• The other part of this stage that surprises a lot of people is you have to follow up. Here’s a lot of different steps that you go through: emailing somebody, not getting a response and emailing them back. Calling them, leaving a voice mail. …
  • YC has agreed to open source their deal documents. The documents that YC founders use are going to be available to everybody….The other place where so many smart people go wrong is they don’t remember what their goal is. Your goal is to sign some deals, get some reference customers, get some validation, and get some revenue. If you don’t do that, your startup is toast.
  • On new features: Once you have a lot of customers requesting it, then you should build it. … The other trap I would highly recommend you try to avoid is the free trial trap…. , “How do I have to price my product to be a viable business?”
  • Christoph Janz wrote this really great blog post online about the five ways to build a hundred million dollar company..

19b. Four things on how to raise money. Michael Seibel

  • The first is your 30 second pitch.. three sentences. .. (1) what you do (2) The second is in a multi-billion dollar market, it’s pretty simple to do this.; (3) Third sentence, how much traction do you have?.
  • Then is your two minute pitch. .. to add four additional components. (1) The first is unique insight…- you’re only going to get two sentences to get that out there. So it can’t be complicated.
    (2) Next - how do you make money? You know your business model. (3) Then next one is team. I think that this answer is actually really clear. I think you’re trying to do two things. If your team has done something particularly impressive- you need to call that out. (4) So the last one is the big ask. When it comes to this, you have to figure out whether this is a conversation involves fundraising or not.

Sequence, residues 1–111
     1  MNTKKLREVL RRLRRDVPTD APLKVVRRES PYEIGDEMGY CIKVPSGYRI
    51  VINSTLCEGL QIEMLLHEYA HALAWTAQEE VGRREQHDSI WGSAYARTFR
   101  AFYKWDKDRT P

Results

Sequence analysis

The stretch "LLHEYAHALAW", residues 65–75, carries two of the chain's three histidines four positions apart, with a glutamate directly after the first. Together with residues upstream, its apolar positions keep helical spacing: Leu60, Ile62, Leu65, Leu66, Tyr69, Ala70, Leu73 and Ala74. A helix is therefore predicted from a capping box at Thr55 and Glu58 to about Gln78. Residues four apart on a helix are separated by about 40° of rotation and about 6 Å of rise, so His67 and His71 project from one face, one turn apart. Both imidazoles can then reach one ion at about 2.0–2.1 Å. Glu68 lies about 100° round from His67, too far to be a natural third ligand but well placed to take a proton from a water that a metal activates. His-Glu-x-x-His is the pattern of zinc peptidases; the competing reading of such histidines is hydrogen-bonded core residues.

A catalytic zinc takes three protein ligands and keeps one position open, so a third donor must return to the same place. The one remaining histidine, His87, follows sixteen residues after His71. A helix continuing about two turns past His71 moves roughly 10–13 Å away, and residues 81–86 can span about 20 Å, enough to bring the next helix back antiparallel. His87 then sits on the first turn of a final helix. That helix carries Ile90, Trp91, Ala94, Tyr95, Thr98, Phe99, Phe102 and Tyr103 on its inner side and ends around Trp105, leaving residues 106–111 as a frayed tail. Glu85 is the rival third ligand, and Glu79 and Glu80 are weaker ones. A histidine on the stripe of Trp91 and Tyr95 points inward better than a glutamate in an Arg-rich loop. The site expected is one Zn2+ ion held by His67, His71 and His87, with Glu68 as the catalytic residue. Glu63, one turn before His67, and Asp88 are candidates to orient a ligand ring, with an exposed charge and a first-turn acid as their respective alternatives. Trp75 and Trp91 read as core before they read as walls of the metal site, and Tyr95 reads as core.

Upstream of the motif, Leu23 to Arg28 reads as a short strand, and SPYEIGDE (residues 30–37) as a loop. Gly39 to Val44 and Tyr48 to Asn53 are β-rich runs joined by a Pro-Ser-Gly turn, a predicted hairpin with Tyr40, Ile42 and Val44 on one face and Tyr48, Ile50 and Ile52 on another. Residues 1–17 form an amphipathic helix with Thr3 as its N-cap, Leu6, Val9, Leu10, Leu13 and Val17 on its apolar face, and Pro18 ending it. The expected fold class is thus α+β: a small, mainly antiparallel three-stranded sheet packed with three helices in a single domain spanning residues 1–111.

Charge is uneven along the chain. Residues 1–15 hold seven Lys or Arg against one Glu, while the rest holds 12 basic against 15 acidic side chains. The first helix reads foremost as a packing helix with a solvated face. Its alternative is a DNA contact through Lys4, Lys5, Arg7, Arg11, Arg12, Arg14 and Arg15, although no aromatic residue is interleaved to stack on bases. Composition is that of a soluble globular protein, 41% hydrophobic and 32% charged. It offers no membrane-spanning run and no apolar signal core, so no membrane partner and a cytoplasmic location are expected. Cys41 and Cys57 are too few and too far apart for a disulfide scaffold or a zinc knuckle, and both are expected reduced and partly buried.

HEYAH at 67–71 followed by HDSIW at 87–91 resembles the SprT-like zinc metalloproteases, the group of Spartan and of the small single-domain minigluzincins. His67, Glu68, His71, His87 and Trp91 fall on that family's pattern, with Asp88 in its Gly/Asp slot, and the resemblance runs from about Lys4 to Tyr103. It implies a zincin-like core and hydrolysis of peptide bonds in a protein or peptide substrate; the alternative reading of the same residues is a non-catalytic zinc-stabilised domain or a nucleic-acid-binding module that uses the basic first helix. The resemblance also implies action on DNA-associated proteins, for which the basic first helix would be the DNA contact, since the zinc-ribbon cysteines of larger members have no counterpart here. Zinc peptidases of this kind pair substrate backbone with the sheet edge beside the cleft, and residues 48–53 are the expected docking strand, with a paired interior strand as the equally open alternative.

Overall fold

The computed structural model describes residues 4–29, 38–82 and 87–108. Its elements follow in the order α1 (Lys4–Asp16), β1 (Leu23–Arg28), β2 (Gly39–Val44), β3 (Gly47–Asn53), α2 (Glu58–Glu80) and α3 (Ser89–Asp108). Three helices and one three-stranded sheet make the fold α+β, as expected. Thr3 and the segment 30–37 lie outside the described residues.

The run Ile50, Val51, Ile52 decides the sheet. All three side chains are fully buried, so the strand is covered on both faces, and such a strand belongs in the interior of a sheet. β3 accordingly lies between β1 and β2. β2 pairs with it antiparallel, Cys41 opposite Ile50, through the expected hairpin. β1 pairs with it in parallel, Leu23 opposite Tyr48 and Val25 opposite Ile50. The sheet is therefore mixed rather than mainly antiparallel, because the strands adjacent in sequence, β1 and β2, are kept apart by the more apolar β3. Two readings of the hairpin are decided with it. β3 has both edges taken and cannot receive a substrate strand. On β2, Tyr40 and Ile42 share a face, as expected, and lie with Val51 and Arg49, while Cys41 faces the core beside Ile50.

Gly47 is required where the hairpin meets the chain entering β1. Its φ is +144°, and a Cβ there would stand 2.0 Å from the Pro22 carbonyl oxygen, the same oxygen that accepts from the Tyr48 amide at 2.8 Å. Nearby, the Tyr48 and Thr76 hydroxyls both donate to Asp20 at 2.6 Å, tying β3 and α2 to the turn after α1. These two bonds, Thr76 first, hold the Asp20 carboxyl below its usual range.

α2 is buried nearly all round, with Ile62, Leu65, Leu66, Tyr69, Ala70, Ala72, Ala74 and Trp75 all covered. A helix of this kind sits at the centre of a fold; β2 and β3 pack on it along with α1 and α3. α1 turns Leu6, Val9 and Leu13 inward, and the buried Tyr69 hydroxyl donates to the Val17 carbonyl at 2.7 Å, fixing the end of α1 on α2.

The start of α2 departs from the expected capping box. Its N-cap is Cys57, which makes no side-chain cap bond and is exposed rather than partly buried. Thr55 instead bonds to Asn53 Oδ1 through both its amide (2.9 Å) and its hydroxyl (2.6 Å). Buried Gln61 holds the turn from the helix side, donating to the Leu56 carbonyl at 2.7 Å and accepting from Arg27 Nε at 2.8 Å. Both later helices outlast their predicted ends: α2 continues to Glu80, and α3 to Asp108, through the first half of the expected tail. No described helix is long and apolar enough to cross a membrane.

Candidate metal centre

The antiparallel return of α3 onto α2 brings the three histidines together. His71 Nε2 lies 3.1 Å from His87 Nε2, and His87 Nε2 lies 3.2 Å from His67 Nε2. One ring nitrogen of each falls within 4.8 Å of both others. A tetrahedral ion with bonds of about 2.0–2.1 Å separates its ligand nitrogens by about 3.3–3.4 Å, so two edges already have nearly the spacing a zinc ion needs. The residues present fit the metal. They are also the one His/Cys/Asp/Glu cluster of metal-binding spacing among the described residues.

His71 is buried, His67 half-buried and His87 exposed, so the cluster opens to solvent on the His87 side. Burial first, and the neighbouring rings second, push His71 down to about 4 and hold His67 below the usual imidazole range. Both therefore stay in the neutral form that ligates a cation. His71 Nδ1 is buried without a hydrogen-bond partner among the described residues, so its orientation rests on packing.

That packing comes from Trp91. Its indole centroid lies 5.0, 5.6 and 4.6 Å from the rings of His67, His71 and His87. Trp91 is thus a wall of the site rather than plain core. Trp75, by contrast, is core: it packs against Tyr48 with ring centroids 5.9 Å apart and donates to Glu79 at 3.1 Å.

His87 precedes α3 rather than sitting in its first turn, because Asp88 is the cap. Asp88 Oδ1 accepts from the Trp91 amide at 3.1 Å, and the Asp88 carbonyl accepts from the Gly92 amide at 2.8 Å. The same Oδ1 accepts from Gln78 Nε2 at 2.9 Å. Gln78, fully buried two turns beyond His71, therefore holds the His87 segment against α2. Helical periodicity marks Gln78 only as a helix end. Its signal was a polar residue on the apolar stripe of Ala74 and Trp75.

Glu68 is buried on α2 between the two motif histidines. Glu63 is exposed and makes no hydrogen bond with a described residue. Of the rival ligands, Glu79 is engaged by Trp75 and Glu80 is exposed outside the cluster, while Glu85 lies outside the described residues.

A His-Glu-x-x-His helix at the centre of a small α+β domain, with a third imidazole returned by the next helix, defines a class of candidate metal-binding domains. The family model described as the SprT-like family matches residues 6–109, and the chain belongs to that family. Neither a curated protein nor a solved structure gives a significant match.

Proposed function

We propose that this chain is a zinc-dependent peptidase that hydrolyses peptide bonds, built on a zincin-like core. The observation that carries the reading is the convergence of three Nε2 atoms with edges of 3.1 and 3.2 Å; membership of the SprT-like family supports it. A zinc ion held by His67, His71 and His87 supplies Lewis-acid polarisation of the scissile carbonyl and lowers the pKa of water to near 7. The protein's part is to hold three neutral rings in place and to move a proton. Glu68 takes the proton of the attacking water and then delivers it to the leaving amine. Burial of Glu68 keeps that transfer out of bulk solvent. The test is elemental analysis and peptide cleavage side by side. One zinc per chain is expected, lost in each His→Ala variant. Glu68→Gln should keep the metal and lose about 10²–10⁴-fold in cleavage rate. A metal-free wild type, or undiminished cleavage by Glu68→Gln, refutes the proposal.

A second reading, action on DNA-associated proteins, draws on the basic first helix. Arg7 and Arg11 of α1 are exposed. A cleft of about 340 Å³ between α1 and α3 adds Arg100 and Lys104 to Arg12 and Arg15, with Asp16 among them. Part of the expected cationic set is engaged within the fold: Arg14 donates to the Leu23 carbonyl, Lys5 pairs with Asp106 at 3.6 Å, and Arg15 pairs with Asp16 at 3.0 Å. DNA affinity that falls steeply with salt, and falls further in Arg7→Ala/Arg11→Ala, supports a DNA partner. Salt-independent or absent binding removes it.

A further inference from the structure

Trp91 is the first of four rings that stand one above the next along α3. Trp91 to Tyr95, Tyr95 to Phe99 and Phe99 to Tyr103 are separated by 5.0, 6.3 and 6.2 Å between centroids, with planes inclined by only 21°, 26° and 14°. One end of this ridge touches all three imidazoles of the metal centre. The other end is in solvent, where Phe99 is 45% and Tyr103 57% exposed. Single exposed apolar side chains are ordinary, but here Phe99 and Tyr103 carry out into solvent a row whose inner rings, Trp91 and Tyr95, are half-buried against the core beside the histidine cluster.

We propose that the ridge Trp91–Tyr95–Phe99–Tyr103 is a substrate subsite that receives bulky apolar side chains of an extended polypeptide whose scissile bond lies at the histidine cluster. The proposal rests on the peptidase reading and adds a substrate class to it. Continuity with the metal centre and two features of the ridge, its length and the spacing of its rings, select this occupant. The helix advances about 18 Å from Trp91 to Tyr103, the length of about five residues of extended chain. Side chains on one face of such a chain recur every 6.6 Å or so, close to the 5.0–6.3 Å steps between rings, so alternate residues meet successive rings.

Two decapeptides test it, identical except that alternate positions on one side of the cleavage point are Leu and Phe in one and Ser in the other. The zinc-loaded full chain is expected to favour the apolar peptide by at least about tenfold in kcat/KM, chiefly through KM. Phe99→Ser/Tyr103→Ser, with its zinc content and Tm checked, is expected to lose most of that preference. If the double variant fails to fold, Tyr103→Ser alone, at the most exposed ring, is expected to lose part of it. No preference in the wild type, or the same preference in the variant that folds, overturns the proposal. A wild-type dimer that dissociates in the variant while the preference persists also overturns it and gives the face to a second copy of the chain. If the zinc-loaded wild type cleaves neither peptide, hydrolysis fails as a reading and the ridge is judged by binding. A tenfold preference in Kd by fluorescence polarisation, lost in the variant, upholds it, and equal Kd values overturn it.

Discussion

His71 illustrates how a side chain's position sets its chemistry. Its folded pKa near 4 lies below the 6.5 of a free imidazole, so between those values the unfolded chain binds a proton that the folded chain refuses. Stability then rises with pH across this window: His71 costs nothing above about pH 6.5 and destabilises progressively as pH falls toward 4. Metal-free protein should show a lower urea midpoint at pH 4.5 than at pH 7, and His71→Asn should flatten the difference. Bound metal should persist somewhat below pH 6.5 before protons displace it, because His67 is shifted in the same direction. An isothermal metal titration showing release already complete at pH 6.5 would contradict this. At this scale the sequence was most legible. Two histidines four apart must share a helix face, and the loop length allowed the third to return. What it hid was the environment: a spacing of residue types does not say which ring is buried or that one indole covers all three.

• When to fundraise? (1) Investors like to invest based on traction. It is literally always better to raise money when you have more traction than less. (2) The second this is, have you created a plan so that you can launch and grow without needing to raise a bunch of money? (3) Finally how to set up investor meetings. This is really, really simple.. ==> a mock pitch

20. Sam Altman, President, Y Combinator : Later-Stage Advice

  • transcripts
  • The first area we’re going to talk about is management. In the beginning of a company, there is no management. This actually works really well. Before 20 and 25 employees, most companies are structured with everyone reporting to founder. It’s totally flat. That’s really good. That’s what you want because at that stage, it’s the optimal structure for productivity.
  • What works totally fine at 20 employees is disastrous at 30. You want to be aware that this transition will happen. .. You ideally want to cluster people in teams that make sense but the most important thing is that there is a clear reporting structure and that everyone knows what it is. Clarity and simplicity are the most important things here.
  • “I personally like six year big grants - but six years of vesting. ‘Cause I think these companies take a while to build. There’s pyramid vesting where you back weight someone’s grant. In year four they get a lot more of the vesting than year one”.
  • ” As the company grows you continue to osculate. The highs are better but the lows keep getting worse. And you really want to think about this early on and just be aware that this is going to happen. And try to, try to manage your own psychology through the expanding swing that it’s going through.”
  • "”Competitive dynamics” - this is a basic principal of negotiation. Most founders learn this the first time in fundraising. But it actually matters for everything. The way you get deals done and the ways you get good terms is to have a competitive situation. “
  • you’re trying to find product market fit. You’re trying to build a product and you’re trying to close the gap between those two gears. The only way to do that is to go off and meet the people. You can’t do this without getting really, really close to your users